People are saying Meghan Markle holds baby Archie 'wrong.' Here's how an expert says you should hold a baby.
- On Wednesday, Duchess of Sussex Meghan Markle took baby Archie to a polo match with her.
- After photos from the event surfaced, people started criticizing Markle's baby holding technique and said she wasn't "mum material" because of it.
- According to a certified midwife, Markle is indeed holding her baby incorrectly, though the image only captured a potentially fleeting moment and plenty of other pictures show her holding Archie just fine.
- Parents should support babies' heads and necks with their left hand until they are old enough to do so on their own.
- For more stories, go to Business Insider SA.
Following a Wednesday trip to a polo match with her baby Archie, Meghan Markle is being criticized for the way she carried her two-month-old son, Fox 8 Cleveland reported.
Upon seeing a photograph of Markle holding Archie, Twitter users attacked the new mom, saying she isn't "mum material" and needs a baby-holding lesson.
I am surprised that nobody else has yet commented on the way that Meghan Markle is holding Archie. She is clearly struggling and not yet familiar with the best way to hold a baby that is covered by a blanket. Her hand position is also awkwardly placed. https://t.co/xOeo26d84E— Stanga (@Pork_Nocker) July 10, 2019
To learn whether the Duchess of Sussex's baby holding aligns with expert recommendations, Business Insider spoke with Manhattan-based certified nurse midwife Risa Klein:
Most babies don't have the strength to hold up their own heads before 4 months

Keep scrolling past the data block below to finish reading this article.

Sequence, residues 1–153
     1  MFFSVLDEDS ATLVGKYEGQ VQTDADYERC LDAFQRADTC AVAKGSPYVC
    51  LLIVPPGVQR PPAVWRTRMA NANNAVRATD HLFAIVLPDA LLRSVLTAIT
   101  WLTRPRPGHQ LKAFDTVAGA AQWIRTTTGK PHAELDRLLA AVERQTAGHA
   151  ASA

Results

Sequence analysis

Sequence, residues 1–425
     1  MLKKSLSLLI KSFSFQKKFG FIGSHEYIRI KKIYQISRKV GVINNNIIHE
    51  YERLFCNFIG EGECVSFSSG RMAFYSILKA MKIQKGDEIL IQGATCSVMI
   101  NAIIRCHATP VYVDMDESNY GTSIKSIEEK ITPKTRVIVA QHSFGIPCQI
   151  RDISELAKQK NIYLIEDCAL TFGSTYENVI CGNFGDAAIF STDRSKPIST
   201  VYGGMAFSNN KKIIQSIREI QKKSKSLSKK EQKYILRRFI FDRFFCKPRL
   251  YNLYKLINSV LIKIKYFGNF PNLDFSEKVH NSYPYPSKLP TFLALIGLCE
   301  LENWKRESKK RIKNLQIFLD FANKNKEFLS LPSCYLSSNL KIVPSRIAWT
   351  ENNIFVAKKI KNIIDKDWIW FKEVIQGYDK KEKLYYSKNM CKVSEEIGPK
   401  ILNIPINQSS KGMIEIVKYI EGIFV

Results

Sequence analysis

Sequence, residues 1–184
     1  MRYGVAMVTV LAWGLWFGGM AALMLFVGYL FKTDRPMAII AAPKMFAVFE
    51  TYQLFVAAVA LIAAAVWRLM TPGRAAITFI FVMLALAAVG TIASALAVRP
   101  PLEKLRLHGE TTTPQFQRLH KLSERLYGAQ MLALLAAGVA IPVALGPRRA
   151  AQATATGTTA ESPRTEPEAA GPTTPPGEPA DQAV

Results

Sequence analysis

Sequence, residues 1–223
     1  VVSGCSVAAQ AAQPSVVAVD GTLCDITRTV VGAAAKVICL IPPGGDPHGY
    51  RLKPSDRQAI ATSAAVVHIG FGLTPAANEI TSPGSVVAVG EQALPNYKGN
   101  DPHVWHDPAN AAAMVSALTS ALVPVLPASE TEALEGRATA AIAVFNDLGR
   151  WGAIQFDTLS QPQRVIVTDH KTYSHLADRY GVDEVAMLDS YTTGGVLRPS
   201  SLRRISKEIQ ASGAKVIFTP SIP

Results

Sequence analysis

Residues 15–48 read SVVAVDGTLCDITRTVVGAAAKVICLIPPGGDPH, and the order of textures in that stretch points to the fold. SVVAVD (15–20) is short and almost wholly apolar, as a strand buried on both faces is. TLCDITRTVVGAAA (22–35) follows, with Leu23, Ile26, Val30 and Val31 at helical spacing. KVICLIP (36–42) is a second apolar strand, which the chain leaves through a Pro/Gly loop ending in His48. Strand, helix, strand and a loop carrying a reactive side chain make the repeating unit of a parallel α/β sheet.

It turns out, internet critics aren't wrong in their appraisal of Markle's baby-holding skills, at least in how it's presented in this single photo.
While the photo could have captured Markle in an awkward moment that didn't last, and plenty of other photos show her holding Archie just fine, in this one, the Duchess is not supporting Archie's head and neck, a mistake that could cause his head to bob around or fall backward, potentially leading to a neck or spinal injury, Klein said.
It takes time for babies to develop the neck strength that toddlers and adults have in order to hold their heads up all of the time. According to Klein, babies can typically begin to support their own heads when they're 4 months old, but until then, whoever is holding the child has to help them out.
"It's a safety issue," Klein said. "People shouldn't be criticizing her, but it is the physiology of why the baby needs to be supported."
Your pointer finger and thumb can support a baby's head
To ensure a baby's safety, a new parent should place their left hand at the base of the baby's skull, Klein explained. Their pointer finger and thumb should be positioned on either side of the baby's neck to provide the support the baby needs to stay stable and prevent any injuries.
If a mom is breastfeeding or formula feeding the baby, she can support his or her head in the crook of her left elbow, and her forearm can run along the baby's back and spine. Then, she can place her hand on the baby's butt to keep him in place. "Her right hand would be free to do what she wants," Klein said.
Additionally, Klein recommended on-the-go moms like Markle try a sling to carry their babies on their bodies. This method would allow both hands to remain free while still supporting the little one's head and neck.
If you're unsure how to hold your baby, Kelin suggested hiring a post-partum doula to teach you, or attending community classes for new moms.
Regardless of how you learn, Klein said it's an essential parenting skill and one that new moms like Markle shouldn't be shamed out of learning.
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